The bottomline: there is a correlation with increased patient or customer satisfaction and effective, consistent L&D programs.
Based on these findings, healthcare organizations must put in place L&D programs that cater to improving service standards in employee workflows. These programs should provide consistency in service standards and patient service. A service standard L&D program can’t be isolated to just the onboarding process. As Leigh Ann Barney, EVP-COO of Trilogy Health Services, points out, “You can’t train people once on service standards and expect it to stick.” Instead, healthcare organizations should deliver ongoing L&D programs and provide readily available training and employee manuals that define the consistency of customer service and service standards.
“You can’t train people once on service standards and expect it to stick.”
These manuals should be explicitly written, leaving little to doubt. The healthcare organization’s service standards should be detailed regarding the patient and external interaction with employees, and other details like how to celebrate and interact with employees.
Create Groups Devoted to Improving Patient Experience
Creating a culture that breeds learning doesn’t have to remain constricted to the classrooms or formal programs.
Outside of L&D programs, it’s imperative to create groups sprinkled throughout departments that are devoted to improving the patient experience. These groups can begin to strengthen and close skills gaps among those around them. Dave Hare, VP of Leadership Development at Trilogy Health Services, states this well: “People grow into the conversations you have around them.” Groups that are devoted to improving the patient experience shouldn’t be insulated from everyone in the organization.
“People grow into the conversations you have around them.”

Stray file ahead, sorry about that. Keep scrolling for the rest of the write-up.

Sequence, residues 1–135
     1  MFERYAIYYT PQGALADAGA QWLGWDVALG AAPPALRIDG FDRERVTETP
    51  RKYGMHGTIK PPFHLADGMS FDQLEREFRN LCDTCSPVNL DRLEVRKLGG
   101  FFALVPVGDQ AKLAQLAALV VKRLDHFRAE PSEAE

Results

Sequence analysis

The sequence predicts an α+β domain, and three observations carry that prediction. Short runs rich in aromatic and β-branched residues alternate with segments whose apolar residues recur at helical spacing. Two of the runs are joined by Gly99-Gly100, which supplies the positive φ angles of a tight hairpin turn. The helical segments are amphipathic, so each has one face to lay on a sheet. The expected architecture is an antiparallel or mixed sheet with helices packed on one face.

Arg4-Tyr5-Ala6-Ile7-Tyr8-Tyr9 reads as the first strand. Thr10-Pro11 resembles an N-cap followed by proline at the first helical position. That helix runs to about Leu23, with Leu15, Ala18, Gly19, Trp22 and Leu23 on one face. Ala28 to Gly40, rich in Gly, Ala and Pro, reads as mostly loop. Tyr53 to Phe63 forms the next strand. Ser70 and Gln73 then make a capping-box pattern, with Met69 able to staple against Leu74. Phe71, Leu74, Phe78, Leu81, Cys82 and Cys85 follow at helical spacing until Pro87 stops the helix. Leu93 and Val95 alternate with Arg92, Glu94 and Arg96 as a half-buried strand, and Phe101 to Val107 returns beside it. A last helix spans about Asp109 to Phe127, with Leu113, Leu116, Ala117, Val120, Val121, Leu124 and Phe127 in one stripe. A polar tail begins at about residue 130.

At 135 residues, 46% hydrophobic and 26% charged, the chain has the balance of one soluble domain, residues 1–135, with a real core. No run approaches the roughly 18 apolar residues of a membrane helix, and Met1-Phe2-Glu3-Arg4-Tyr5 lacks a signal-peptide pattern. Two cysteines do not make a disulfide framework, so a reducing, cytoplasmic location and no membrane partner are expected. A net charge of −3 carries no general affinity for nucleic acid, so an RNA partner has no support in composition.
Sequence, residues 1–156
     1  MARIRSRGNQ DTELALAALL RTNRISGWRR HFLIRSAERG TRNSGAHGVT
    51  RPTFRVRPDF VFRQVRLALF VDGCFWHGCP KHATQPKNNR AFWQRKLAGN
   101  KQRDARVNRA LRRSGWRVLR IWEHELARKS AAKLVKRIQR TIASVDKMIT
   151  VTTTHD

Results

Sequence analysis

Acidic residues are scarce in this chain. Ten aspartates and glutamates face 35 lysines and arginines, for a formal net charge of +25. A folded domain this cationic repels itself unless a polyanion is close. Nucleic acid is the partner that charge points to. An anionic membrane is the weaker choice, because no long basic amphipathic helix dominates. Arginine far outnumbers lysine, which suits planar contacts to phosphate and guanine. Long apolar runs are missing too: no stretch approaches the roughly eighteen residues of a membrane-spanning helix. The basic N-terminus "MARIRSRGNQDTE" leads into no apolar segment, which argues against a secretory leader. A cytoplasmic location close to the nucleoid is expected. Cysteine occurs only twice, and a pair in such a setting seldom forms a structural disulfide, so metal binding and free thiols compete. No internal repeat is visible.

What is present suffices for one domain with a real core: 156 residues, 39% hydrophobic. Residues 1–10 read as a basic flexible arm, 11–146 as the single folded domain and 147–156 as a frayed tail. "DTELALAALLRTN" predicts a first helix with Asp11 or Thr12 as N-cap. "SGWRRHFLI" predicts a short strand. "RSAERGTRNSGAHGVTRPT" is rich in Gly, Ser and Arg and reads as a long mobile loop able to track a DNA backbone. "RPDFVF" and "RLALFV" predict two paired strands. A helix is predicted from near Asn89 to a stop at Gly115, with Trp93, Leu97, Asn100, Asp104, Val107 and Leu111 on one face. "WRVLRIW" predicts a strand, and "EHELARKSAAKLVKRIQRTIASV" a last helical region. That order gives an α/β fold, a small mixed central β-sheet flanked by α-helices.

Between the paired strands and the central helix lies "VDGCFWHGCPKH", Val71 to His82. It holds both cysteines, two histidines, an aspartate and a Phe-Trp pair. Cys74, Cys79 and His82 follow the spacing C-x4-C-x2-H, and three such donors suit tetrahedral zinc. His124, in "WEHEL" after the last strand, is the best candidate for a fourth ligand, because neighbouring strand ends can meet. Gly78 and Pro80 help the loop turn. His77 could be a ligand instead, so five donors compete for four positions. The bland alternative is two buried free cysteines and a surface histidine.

How do these conversations start? An option to spur conversations is to distribute content that restates core values and service standards. People who exude positive attitudes and regard for improving the patient experience are contagious. Informal peer-to-peer learning and on the job exercises will become side effects of these groups.
Appoint Leaders Who Model and Deliver Service Standards
It is essential to maintain high value service that keep patients and professionals alike happy. Through L&D programs and groups devoted to improving the patient experience, professionals throughout the organization can be appointed as leaders who model and deliver service standards. Some of the hardest skills to find are leadership and management skills. The Georgetown University Center on Education and the Workforce predicts that 82 percent of the estimated 5.2 million healthcare workers will need by 2020 will require extra training. That’s over 4.2 million healthcare professionals.
To stifle this, healthcare organization leaders can function as coaches and mentors. These roles wouldn’t require them to do much more outside of their day-to-day responsibilities and tasks. With that in mind, choose leaders that bring service standards to the forefront of every outward on the job task, who can also explain why some methodologies are better for improving patient experience to their peers and colleagues.